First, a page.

Nevertheless, there is still a long way to go before a vaccine is available, because the decisive hurdle of large-scale Phase III trials is still ahead, SZ said.
The detailed results largely confirm the initial statements published in mid-May on eight patients only. Moderna came under criticism at the time because it immediately used the positive stock market reaction to this for a larger funding increase, Handelsblatt noted.
Moderna's results are at the same level as those presented by the German company BioNTech and its partner Pfizer for their vaccine candidate at the beginning of July.
Both plan to start a large Phase III study with around 30,000 participants in July.

Thermo Fisher sweetens bid for Qiagen

Thermo Fisher has sweetened its offer to buy genetic testing and molecular diagnostic company Qiagen by about 10% to $11.2 billion to avoid failing in its takeover ambitions, say Handelsblatt (p23), FAZ (p21) and SZ (p26) on Friday.
Thermo Fischer is offering €43 instead of €39 a share after some Qiagen investors put pressure on Thermo Fisher, reported Handelsblatt on Monday (p19) and FAZ on Wednesday (p18).
Until the beginning of this week, only 2% of Qiagen shareholders had accepted the offer from the U.S. firm.
The initial bid was presented in March when Qiagen was under pressure from disappointing business (APMHE 66419). In the meantime, however, it is benefiting from the continuing high demand for coronavirus tests.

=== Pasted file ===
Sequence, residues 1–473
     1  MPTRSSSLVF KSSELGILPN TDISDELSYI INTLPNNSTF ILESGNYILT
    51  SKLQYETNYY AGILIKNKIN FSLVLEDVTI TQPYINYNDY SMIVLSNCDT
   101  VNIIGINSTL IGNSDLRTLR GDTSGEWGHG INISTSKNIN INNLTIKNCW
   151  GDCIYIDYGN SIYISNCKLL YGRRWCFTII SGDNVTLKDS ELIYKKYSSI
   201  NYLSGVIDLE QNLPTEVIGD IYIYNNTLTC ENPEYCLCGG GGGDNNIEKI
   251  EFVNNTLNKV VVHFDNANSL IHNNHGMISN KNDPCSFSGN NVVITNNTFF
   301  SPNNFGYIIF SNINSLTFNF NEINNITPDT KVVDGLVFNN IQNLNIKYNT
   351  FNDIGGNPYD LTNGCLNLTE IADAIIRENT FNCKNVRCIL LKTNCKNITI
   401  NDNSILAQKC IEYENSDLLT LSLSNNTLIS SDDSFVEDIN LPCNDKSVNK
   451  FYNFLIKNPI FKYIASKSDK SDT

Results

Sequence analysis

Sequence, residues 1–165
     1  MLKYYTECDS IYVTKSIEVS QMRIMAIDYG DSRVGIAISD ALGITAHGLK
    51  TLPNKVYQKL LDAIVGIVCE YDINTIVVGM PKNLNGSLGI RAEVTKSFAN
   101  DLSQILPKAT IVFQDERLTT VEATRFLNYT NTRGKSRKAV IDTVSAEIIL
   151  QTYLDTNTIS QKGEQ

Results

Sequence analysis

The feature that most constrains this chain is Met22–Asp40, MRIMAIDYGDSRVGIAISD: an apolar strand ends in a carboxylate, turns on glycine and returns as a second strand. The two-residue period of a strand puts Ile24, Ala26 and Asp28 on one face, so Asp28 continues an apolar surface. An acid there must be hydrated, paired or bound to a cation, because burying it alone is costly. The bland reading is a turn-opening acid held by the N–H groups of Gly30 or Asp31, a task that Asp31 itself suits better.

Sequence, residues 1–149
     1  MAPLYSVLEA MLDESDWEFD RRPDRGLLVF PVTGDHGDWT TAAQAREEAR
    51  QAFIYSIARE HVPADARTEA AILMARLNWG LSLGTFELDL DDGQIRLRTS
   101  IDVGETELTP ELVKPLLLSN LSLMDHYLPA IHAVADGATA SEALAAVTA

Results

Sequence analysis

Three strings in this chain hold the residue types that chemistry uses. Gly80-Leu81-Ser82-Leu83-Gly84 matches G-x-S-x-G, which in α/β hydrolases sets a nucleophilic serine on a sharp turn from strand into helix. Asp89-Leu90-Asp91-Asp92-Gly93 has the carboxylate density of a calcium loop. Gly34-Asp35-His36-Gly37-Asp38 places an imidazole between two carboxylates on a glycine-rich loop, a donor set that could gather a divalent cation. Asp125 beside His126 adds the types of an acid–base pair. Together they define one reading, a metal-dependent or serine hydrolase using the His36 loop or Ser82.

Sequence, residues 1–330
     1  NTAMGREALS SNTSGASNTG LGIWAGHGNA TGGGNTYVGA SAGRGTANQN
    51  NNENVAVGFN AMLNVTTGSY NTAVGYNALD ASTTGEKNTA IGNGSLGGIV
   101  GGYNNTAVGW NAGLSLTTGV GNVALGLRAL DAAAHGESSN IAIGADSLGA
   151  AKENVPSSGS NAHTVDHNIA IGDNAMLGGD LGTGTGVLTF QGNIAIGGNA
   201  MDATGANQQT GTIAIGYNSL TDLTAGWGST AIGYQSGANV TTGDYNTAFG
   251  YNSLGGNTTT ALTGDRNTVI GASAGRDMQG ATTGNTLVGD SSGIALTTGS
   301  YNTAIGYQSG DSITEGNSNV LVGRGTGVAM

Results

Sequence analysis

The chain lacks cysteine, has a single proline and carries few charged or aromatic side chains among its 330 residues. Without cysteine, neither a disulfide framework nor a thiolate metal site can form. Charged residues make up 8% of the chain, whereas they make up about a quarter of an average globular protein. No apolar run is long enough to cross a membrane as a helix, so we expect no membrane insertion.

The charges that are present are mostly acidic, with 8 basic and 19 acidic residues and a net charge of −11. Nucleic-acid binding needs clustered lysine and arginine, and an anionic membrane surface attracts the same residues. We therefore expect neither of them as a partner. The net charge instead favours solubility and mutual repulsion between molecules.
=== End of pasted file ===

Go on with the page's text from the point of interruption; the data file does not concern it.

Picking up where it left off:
Packaging company Gerresheimer benefits from Covid crisis

The business of German packaging manufacturer Gerresheimer is being boosted by greater demand on injection vials for vaccines due to the coronavirus pandemic, said FAZ on Wednesday (p18).
"We are prepared for the high demand for injection vials for the forthcoming vaccination campaigns and are additionally expanding our capacities," chief executive Dietmar Siemssen said on Tuesday during the second quarter results conference call.
Gerresheimer can meet a third of the additional demand in the world market, likely to be between 2 and 2.5 billion units in the next two years for corona vaccines, he said.

Roche strengthens its position in cancer with Blueprint deal

Roche has strengthened its leading position in cancer therapy in the $1.7 billion deal agreed with Blueprint on pralsetinib, Handelsblatt said on Wednesday (p26) (APMHE 68159).
Roche has acquired the distribution rights outside the U.S. and China while the two partners intend to share the business in the U.S. Analysts believe that pralsetinib will generate annual sales of more than $1 billion.
The deal confirms the unbroken interest in new anti-cancer compounds and the trend towards precision oncology.
Roche is the world's largest supplier of cancer drugs with $28 billion sales and a pioneer in the field of targeted cancer therapies, Handelsblatt said.
It is working with BioNTech on individualised cancer vaccines and is heavily involved in gene-based cancer diagnostics through its subsidiary Foundation Medicines.

German chemical-pharma managers in good mood

The mood among the German chemical and pharmaceutical industry is holding up surprisingly well in the corona crisis, FAZ reported on Tuesday (p18)
In the annual survey conducted by their lobby VAA, middle managers and academics rated their respective employers with a better mark than that of the previous year.
The survey assessing employers' strategy, corporate culture, motivation and working conditions has proved to be a reliable indicator on the mood in the industry, often corelated to restructuring.
Among pharma companies, Boehringer Ingelheim is ranked third, after chemical supplier Covestro and Schott. Bayer has moved up four places to rank eight after falling in 2019 as a consequence of legal disputes following the acquisition of U.S. group Monsanto.
Sanofi occupies 22 position, a position that mirrors concerns about the future of its Frankfurt location, FAZ said.